On Friday night, Bloomington residents will have the opportunity to enjoy an evening of all things local, including local music, business and radio. As a part of their Local Live Showcase, community radio station WFHB is holding a benefit concert at the Bluebird featuring five local artists.
Opal Fly, singer of Opal Fly and KAPOW!, said she was thrilled to be asked to play at the showcase. It’s the band’s first time playing at the venue.
“I think it’s a great honor, just to get to play with all the other bands and maybe meet some new friends and get to play at the Bluebird,” she said. “I hope the radio station keeps going strong, so I’ll do whatever I can.”
Fly said some of the money from the fundraising is going toward solar panels for the radio station, as well as other green initiatives.
She said WFHB is a huge deal because it is completely volunteer-run. Fly also said, as a musician, she is thankful and appreciative that WFHB plays local music because many radio stations don’t.
“I think they’re very open-minded, and it’s a huge community service,” she said.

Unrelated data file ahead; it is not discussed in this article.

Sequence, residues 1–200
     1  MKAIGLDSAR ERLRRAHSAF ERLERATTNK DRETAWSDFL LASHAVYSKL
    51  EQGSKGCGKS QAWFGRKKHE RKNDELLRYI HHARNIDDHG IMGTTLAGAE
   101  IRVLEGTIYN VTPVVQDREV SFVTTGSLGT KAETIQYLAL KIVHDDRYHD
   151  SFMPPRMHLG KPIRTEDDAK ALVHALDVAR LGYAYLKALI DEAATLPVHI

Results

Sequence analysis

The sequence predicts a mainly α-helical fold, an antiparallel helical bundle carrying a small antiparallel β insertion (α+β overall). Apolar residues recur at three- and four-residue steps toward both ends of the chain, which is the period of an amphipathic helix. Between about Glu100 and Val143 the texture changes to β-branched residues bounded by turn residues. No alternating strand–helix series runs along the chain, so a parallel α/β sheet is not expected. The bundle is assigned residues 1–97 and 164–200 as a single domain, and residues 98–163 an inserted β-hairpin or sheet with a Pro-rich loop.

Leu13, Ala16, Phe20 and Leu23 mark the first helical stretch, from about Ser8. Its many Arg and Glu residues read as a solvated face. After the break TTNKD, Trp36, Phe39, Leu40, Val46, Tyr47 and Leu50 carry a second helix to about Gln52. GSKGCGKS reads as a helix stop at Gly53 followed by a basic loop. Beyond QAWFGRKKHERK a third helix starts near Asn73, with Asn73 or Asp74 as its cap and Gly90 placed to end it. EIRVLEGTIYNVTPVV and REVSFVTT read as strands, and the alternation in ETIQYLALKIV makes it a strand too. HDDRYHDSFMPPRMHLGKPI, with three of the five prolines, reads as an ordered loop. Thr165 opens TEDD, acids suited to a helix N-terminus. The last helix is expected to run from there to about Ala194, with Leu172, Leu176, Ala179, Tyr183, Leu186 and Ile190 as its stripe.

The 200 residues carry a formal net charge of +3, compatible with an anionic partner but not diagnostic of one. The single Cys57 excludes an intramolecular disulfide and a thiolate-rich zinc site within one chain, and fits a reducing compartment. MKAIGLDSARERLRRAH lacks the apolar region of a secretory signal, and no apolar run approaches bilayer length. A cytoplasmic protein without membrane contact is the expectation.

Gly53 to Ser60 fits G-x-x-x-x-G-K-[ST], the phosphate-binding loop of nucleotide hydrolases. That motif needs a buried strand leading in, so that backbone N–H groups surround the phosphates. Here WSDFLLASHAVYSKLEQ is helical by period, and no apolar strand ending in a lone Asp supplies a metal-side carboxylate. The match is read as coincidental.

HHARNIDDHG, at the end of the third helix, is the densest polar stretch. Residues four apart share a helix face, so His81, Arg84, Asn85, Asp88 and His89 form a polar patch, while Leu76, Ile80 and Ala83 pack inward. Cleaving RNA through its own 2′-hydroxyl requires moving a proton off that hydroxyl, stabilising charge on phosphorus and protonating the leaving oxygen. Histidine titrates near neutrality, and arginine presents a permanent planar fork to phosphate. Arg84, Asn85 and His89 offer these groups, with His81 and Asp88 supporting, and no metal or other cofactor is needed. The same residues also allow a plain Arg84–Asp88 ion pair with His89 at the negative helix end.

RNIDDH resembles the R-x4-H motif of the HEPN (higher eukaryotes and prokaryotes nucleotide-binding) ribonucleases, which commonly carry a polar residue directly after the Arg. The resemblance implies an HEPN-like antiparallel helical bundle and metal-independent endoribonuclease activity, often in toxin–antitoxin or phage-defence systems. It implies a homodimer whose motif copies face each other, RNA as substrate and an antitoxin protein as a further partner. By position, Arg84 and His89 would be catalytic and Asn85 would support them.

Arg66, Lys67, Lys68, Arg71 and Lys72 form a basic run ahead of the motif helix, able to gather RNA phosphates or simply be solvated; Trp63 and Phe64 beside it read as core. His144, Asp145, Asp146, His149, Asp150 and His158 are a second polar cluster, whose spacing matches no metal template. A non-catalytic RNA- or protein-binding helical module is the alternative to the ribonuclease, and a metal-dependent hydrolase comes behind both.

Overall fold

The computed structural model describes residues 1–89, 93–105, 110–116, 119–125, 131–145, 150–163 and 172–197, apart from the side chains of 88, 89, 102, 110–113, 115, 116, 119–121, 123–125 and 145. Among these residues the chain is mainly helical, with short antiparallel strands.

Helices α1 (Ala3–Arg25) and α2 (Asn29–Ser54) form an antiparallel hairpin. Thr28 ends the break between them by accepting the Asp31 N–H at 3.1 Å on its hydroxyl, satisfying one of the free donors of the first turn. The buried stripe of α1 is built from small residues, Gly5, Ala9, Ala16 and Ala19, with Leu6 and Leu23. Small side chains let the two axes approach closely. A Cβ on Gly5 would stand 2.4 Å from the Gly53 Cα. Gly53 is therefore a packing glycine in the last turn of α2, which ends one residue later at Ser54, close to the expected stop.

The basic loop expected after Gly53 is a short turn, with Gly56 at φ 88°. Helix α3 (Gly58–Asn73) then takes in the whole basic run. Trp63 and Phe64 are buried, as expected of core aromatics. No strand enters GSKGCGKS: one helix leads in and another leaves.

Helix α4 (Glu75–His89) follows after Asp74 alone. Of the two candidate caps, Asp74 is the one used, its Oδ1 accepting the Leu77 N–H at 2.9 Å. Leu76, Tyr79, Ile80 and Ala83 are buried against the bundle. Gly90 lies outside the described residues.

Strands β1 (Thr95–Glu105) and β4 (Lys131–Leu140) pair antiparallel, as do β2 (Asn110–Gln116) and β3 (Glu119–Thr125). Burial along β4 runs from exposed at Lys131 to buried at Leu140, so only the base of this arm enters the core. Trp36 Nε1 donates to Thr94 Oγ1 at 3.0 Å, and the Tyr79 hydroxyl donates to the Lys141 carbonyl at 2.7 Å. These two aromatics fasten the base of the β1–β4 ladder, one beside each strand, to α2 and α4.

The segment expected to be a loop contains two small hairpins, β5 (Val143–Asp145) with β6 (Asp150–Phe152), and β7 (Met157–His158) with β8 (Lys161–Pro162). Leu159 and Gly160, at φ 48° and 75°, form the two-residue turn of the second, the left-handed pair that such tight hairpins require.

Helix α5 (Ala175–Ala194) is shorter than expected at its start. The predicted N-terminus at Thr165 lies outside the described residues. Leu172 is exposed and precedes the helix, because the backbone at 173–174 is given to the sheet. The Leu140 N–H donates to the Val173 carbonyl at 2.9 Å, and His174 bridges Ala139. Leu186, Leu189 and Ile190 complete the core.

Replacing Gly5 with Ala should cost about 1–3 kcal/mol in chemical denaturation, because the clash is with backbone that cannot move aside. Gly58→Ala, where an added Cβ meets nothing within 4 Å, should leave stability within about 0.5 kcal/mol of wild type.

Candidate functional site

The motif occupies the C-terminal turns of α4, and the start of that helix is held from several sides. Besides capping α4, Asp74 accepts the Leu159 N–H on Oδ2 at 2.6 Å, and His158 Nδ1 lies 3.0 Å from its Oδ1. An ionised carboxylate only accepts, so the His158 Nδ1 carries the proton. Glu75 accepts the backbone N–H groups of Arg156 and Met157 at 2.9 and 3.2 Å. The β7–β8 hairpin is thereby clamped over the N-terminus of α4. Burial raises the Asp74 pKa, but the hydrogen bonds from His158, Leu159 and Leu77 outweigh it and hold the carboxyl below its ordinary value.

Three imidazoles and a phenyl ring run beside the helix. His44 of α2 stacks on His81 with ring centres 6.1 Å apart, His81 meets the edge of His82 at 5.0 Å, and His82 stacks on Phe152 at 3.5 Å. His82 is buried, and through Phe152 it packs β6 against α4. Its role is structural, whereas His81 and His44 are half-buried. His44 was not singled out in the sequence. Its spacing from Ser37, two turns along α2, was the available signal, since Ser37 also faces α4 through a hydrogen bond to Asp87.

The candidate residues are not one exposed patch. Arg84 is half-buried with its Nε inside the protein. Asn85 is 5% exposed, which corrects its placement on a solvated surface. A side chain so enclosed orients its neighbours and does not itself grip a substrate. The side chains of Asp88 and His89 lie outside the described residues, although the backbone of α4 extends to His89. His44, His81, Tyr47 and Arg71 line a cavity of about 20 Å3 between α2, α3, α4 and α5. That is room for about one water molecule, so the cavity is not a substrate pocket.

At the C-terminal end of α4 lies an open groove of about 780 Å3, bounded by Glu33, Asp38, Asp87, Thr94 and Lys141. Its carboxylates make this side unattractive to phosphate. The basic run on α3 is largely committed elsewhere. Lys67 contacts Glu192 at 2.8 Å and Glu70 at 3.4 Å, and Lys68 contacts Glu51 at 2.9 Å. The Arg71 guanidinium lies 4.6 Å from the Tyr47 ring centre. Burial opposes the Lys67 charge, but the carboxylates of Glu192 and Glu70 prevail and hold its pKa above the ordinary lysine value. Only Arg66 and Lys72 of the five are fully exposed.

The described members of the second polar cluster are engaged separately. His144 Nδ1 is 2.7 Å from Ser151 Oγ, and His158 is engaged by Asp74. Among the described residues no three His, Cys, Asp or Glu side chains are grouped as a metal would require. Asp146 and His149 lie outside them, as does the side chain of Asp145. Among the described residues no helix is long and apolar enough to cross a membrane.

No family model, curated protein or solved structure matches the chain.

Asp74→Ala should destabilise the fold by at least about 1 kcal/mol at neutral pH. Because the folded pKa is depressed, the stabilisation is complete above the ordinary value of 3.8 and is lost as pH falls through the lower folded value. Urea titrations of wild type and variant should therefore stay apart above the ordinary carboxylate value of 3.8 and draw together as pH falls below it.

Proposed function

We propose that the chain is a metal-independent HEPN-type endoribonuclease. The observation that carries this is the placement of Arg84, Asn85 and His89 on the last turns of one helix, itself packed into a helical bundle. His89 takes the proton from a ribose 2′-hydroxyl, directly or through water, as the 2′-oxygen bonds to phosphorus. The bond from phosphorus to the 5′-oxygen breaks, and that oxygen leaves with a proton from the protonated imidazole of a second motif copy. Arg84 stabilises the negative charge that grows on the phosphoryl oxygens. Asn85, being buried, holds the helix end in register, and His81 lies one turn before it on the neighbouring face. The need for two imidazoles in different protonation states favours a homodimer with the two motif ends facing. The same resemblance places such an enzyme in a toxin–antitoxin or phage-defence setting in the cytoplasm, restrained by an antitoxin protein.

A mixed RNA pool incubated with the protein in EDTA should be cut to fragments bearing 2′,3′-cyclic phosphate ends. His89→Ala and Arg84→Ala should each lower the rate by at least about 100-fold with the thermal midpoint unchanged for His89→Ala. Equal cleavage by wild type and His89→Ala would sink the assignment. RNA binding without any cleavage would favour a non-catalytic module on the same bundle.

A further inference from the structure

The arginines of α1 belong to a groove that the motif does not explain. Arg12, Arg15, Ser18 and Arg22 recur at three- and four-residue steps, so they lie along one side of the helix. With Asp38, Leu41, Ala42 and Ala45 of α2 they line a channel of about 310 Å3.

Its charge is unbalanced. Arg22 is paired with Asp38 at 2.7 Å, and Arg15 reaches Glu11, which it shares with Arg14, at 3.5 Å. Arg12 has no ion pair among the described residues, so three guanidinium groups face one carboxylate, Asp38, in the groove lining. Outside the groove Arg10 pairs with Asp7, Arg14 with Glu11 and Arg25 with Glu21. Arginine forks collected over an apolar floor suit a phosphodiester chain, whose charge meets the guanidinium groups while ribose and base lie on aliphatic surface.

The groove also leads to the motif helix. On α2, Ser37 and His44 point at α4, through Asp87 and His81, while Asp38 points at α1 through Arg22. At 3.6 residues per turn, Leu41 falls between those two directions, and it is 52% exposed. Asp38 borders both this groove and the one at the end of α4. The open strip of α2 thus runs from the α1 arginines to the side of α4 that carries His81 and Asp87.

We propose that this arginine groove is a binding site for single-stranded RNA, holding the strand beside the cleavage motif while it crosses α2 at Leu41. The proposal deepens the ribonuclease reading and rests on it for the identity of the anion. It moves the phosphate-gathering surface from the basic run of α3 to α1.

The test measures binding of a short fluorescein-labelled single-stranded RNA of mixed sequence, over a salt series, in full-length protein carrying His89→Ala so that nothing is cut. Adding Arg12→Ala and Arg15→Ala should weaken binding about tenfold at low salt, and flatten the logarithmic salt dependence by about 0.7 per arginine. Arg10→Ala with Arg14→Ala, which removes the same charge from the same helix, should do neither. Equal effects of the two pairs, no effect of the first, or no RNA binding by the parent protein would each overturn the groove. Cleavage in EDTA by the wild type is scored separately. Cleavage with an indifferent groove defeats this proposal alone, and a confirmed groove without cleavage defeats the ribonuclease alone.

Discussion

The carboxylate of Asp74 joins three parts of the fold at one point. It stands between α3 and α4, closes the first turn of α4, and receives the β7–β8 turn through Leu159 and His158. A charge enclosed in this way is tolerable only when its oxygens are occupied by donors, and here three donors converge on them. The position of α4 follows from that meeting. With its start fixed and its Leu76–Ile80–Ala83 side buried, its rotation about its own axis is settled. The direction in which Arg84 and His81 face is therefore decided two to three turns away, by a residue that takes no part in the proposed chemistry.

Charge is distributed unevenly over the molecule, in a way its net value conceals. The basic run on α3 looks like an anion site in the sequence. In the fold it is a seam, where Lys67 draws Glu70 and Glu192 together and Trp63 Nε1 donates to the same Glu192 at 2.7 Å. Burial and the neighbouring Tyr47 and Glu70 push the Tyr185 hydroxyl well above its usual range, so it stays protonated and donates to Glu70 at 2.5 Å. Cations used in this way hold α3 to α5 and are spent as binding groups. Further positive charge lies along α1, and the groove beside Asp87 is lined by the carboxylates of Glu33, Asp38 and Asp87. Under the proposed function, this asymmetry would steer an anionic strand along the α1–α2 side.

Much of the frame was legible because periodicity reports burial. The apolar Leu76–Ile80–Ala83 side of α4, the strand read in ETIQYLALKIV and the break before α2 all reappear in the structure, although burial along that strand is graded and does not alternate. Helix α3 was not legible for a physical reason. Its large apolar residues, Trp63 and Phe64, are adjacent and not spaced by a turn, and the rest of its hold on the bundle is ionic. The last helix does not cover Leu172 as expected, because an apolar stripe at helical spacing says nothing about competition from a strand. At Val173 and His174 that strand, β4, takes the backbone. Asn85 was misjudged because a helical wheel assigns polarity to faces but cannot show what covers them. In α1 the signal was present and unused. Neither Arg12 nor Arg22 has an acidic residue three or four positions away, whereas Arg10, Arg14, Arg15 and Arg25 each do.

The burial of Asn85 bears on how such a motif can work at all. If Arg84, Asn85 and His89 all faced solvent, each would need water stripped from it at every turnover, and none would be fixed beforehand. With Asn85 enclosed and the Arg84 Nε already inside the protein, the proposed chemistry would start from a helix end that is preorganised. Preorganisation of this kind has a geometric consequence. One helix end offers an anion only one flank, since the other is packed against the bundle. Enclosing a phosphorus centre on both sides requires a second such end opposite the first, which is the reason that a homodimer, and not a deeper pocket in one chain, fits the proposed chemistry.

Fly said she has previously played shows with the band Chainsaw Mondays, who are also performing in the concert. Chainsaw Mondays’ singer Tim Baker said he likes getting to know the DJs at WFHB.
“WFHB is great because they let you know about everything that is going on in the community,” Baker said. “As a musician and a music promoter, it’s the best offset that we have in town.”
Baker said he has played at previous weekly Local Live Showcases, and he has also been featured on their Bloomington Live CD, a recording of artists who appear in the showcases. He said the radio station helps bring local artists together.
“WFHB is badass, because you turn it on and you don’t know what you’re going to get,” he said. “I get to turn on WFHB and it’s playing all my friends. I’m like, shit, I know this song, and I know what it’s about, and I know the players on it.”
While Fly and Baker will perform earlier during the concert, Mike Adams at His Honest Weight will close out the show. As a member of the Bloomington music scene for more than 20 years, Adams said he is very familiar with the radio station and its volunteers.
Adams said he thinks WFHB is beneficial to Bloomington as a local and alternative voice, since the station is so involved in the city’s culture.
“They’re just kind of ingrained in a way that is important,” he said. “Bloomington has a really cool and vibrant music underground that is really valuable.”
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